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What is Zero Trust Security and why is it important for Fintech?

What is Zero Trust Security and why is it important for Fintech?

For years, businesses have used traditional and weak methods to access their data and applications. This method suggests that everyone inside the organization is trusted blindly. The employee/worker can gain access to the company’s data just because he/she works at the said firm. Anyone outside the organization’s network is a suspect but the one inside benefits from the doubt. This traditional method has led to numerous security breaches and the inside circle gaining implicit trust. It allows outsiders only to cross the perimeter and gain access to the organization’s workings.

Enter Zero Trust!

Zero Trust security is a model that sees every individual with an eye of suspicion, whether it is an outsider or insider. It is a layered security system that grants access to the users based on their identity and role. Whether the individual is at the office or working remotely, the zero trust model removes the binary of the insider employee gaining the benefit of the doubt. This model continuously asks for authorization and authentication at various places in the network rather than just at the perimeter.

The Zero Trust model acknowledges the fact that you cannot separate the “good guys” from the “bad guys”. Establishing a strong perimeter is no longer enough as cloud service and hybrid workplaces have increased, making it difficult to secure. The model believes in the “never trust, always verify” approach, and scrutinizes every user at various points with identity proof and authentication. As the name suggests, it does not believe in trusting any individual and ensures that every data is given access only if the individual is verified. This phrase “Zero Trust” was coined by John Kindervag in 2010, who identified the absurdity of a perimeter-based approach towards security.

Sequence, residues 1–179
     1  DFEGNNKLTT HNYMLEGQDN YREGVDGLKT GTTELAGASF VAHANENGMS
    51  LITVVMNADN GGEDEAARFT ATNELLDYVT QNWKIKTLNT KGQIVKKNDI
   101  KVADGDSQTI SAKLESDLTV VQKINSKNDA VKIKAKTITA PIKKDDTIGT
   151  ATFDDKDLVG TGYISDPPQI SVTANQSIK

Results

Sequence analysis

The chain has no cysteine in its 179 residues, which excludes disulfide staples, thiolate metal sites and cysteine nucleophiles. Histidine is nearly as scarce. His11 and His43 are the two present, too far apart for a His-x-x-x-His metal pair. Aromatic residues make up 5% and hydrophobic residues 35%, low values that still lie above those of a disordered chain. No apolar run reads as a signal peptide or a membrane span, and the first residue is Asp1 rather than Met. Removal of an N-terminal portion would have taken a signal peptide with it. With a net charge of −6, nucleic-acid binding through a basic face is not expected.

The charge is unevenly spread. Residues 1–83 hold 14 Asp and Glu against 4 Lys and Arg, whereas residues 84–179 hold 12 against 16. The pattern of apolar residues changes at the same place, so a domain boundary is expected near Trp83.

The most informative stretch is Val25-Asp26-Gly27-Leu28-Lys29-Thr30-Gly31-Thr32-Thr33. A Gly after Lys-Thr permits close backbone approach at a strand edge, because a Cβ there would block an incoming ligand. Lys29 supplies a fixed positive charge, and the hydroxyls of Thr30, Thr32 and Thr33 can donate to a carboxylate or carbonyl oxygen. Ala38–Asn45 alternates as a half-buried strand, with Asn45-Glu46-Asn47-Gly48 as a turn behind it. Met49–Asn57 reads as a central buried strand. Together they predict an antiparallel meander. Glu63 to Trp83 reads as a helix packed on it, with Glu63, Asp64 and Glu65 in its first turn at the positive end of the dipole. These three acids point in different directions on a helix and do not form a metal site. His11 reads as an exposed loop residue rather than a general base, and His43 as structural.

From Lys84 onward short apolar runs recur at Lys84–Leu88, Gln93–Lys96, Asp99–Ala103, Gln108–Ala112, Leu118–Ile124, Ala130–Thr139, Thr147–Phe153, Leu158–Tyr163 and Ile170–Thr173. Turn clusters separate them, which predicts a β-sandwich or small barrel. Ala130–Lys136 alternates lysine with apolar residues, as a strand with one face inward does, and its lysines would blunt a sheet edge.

Five principles of Zero Trust Security:

  1. Strong, adaptive authentication: Adding an adaptive type of multi-factor authentication (MFA) coupled with intelligent risk-based access enhances password security and offers valuable insights into user behavior.
  2. Continuous approval and authorization: It is possible to help guarantee that the correct user has access to the relevant resources by reauthenticating and revalidating user identities, for instance, following high-risk web browser sessions or extended periods of inactivity.
  3. Secure, least privileged access: The best strategies allow for dynamic provisioning; for example, reducing standing privileged access hazards by offering just-in-time (JIT) privileged access on a per-session basis.
  4. Continuously monitor and attest: The best approach to comprehend what is occurring and verify that it should be occurring, as well as to identify anomalies as they appear and preserve ideal system security, is to monitor continuously.
  5. Credential and authentication protection: Strong endpoint protection is built on endpoint privilege management, which is essential for identifying and thwarting attempts at credential theft (through memory scraping or software abuse), consistently enforcing least privilege (including removing local admin rights), and implementing flexible application control (like allow-listing for trusted sources) to fend off malware and ransomware.

Five principles of Zero Trust Security:

According to a recent IDS study, 93% of IT security professionals say zero trust is strategic to securing their organization. Especially in a digital world, additional layers of authentication are necessary for a safer data warehouse. One such important digital world is the fintech industry which focuses on the protection of software data.

Zero trust in fintech can help reduce attacks on your customer data and also protect the technological services and products provided to your customers. One such advantage of zero trust in fintech is the use of Privileged Access Management (PAM) which is an identity-based technology that gives you the ability to manage and keep an eye on the activities of the privileged users once they have gained access beyond that of regular users.

A zero-trust environment will help fintech:

    • Improve remote access security and securely enable work-from-anywhere and BYOD-heavy environments.
    • Reduce risk from ransomware, malware, and other threat vectors.
    • Document access regardless of source to ensure the activity was appropriate
    • Ensure more robust and seamless authentication between B2B. For instance, one organization grants privilege from a foreign organization without instantiating its directory services.

Financial services have historically been less willing to take risks when it comes to cloud computing, but the allure of digital transformation and the need for zero trust to allow work-from-anywhere will hasten adoption. Zero trust is essential for fintech to evolve, and achieve greater heights in the future where digitization will only increase with further use.

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